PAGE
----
As a whole, I liked these more than the Raimi films as a whole. I was more engaged by the films, the actors, the cinematography and direction. Andrew Garfield is a compelling performer who demands you watch him and everyone and everything around him. I liked his take on Peter Parker, a broken young man who's bitter about being abandoned by his parents as a child and haunted by the deaths of Uncle Ben and Captain Stacy, who loses himself in the Spider-Man persona to become someone else without all of his baggage. Emma Stone's Gwen Stacy was a fascinating character in her own right, and, even though it's a bit CW-esque, I liked how Peter and Gwen became a bit of a team; Peter's a genius (which is something the Raimi trilogy kept telling us but never bothered to actually show), and Gwen's just a hair smarter and gives him a second set of eyes. There are also nice supporting turns by Sally Field, Denis Leary, and Martin Sheen.

    The problem with these films, though, is in the story being told and the premise that underlies that story, namely that Peter Parker is (unintentionally) at the center of a power struggle over the secret research his father was engaged in when he was a child. That's a fascinating idea. It riffs off the old comics chestnut, "Everything you thought you knew is wrong!" I bought it into completely. But I'm not sure it's a Spider-Man story. Heck, the second half of ASM is a loose adaptation of Batman Year One! I could see the story working better as a television series -- heck, there's enough cut footage from both films that Marc Webb could do a Zack Snyder's Justice League with the material -- than as a biennial blockbuster film series.

    (A related problem is Sony's desire to build a whole cinematic universe around this, which comes close to overwhelming the second film, though I think the Orci/Kurtzman script with its trademark multiple climaxes is a bigger issue there. See also, Star Trek Into Darkness which, like ASM2, ends... and then keeps going.)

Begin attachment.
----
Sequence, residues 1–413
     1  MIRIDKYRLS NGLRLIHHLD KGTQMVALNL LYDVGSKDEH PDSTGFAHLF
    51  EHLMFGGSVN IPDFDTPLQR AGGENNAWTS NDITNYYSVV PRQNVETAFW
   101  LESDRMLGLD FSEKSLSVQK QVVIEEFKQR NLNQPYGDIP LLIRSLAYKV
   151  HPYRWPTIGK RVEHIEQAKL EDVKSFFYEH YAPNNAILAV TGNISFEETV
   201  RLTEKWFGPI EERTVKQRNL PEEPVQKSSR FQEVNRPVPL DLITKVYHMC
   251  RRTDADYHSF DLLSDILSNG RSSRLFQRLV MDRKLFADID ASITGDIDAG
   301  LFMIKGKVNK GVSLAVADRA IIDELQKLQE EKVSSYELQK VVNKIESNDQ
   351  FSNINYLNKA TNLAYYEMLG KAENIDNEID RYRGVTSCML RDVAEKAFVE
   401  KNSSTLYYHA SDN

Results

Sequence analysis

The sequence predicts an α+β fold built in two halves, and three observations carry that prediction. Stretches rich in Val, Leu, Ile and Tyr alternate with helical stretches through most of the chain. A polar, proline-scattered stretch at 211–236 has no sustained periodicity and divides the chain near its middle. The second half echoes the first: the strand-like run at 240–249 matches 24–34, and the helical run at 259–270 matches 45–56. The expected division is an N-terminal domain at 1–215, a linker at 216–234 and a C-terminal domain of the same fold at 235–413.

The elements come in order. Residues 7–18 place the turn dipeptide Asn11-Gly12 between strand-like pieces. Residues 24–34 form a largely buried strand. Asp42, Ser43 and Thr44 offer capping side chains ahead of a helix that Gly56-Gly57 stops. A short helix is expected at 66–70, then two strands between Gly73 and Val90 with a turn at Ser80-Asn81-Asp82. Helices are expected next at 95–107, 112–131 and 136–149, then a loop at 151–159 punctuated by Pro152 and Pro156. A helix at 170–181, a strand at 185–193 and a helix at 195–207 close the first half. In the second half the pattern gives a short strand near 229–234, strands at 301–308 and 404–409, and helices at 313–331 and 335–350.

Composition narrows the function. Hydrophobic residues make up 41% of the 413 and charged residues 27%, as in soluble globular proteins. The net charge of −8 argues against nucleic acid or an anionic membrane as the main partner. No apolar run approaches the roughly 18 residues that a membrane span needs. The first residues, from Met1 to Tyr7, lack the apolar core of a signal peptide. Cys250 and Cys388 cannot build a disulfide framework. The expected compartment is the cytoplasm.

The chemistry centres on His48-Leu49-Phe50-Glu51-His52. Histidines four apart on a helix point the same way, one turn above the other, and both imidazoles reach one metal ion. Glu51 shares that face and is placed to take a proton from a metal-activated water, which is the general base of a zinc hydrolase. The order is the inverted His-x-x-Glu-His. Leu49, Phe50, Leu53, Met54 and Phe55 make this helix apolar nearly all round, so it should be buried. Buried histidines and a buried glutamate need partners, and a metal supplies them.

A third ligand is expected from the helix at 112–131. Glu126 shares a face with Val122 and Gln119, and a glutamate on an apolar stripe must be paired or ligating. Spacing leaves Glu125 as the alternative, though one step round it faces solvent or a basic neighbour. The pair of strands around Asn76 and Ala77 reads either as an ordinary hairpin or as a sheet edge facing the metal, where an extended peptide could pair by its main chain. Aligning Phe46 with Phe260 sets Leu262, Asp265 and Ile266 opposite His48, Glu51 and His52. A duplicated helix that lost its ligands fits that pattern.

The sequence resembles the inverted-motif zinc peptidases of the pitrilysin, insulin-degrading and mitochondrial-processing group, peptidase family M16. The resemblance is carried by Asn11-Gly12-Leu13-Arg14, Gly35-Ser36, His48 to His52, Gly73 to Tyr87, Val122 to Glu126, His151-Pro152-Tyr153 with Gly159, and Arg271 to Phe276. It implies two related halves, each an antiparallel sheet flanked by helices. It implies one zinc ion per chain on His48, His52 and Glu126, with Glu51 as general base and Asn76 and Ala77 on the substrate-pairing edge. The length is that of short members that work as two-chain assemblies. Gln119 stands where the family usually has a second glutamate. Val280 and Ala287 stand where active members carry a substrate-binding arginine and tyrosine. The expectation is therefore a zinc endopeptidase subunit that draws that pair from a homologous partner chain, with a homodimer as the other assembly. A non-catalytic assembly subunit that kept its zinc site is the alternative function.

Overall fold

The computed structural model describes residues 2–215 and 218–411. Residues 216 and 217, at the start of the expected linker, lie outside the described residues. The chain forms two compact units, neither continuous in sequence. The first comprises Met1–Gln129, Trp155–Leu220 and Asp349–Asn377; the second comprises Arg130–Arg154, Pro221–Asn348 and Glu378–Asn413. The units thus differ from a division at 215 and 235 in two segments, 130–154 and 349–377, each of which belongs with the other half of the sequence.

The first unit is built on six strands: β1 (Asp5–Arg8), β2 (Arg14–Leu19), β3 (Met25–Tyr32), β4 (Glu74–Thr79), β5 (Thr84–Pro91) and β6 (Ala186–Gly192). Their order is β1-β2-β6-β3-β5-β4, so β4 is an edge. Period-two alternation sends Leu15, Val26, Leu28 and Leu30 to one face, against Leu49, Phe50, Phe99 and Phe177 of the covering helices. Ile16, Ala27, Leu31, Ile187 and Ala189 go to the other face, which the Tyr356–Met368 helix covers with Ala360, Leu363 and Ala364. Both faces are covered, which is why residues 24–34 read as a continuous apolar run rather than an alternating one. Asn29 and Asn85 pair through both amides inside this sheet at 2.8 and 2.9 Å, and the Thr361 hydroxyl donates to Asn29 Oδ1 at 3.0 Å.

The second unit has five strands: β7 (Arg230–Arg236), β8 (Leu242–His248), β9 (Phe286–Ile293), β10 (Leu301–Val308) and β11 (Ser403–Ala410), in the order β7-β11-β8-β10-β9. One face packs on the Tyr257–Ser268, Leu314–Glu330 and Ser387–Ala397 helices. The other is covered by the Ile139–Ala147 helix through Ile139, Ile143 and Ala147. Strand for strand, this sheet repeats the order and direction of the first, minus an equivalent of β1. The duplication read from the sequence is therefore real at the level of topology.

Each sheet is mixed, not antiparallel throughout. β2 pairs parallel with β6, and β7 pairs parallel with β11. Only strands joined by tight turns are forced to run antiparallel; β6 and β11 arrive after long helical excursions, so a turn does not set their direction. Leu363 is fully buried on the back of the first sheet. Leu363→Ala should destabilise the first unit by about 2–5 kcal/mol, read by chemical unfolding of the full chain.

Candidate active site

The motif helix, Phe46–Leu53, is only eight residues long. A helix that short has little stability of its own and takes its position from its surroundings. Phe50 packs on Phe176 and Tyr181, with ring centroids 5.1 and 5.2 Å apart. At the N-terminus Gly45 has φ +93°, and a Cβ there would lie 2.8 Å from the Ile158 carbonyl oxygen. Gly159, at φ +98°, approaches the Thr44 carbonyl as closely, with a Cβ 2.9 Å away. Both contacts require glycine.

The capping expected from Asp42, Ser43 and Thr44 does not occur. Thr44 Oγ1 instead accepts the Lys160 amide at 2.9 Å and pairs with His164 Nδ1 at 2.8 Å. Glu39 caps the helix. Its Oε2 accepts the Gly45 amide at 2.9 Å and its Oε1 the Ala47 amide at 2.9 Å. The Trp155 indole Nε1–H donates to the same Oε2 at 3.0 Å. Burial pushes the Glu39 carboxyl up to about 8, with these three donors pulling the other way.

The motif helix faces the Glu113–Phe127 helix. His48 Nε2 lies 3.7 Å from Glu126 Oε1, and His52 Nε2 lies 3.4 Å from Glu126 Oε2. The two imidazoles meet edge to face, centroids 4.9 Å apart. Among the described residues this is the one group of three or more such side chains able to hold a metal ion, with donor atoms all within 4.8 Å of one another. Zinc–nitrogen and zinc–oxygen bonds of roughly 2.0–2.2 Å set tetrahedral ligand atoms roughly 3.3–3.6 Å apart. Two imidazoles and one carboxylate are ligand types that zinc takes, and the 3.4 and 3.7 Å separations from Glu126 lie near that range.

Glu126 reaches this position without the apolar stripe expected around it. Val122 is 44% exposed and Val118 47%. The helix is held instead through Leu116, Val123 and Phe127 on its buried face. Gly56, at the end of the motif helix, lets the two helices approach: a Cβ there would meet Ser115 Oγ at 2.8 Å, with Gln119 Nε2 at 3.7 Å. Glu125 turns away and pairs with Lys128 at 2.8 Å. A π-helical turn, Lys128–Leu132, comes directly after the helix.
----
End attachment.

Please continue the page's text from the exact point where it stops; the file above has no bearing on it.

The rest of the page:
The Lizard's scheme in the first film -- "I've turned myself into a monster, so I'm going to turn all of Manhattan into monsters, too!" -- was dumb. And the absence of Rhys Ifans as Connors in Richard Parker's videos in the second film was noticeable, given the lengths the first film went to establish that Connors and Parker had been colleagues. (I thought it was a nice touch that Parker, not Connors, was the brains of the operation; Parker got the cross-species transfer to work, but Connors wasn't smart enough to recreate the work.)

    The second film... I'm going to be a bit forgiving of Dane DeHaan's Harry Osborn as his performance reminded me of my best friend, who died fifteen years ago of a brian aneurysm. I wish the film hadn't crammed his introduction, backstory, and transformation into the Goblin into two hours, yet I understand why it was there. (The script is pretty mechanical in how it goes about things.) I wish the film had used the time instead on Max/Electro, who goes from an interesting figure in the first hour of the film to nothing more than muscle/lackey in the last half. There's so much going on in this film that nothing has time to breathe. It worked for me, it paid things off that it set up earlier in the film (Gwen's speech, the Russian terrorists, the little boy with the handmade windmill, which reminded me of the little girl with the glasses in V for Vendetta), but I can understand why it didn't for most people. Who really wants to see Spider-Man in a conspiracy/business thriller where a major plotline is about who controls Oscorp and its secret facility?

    Overall, I feel these films tried to give Peter Parker psychological depth that the Raimi films did not, though perhaps they went too far in the direction of making Peter dark and embittered. I think it's a valid take on the character, though, more interesting than simply continuing Tobey Maguire's characterization (which is what I thought at the time Sony should have done, just recast like a James Bond film and continue), and I would have been interested to see what Garfield would have done with the role in a subsequent film.

    I liked these films. I found a genuine emotional core in them, and they were effective for me in that regard. I know that opinion on the Garfield duology is out of the mainstream. And that's okay. :)

    What is "innovative and daring" about Spider-Man 2?

    When Keith DeCandido reviewed Spider-Man 2 for tor.com three years ago, his review boils down to, basically, "This isn't a good film, and I don't know why it's so revered."
     
  14. fireproof78

    fireproof78 Fleet Admiral Admiral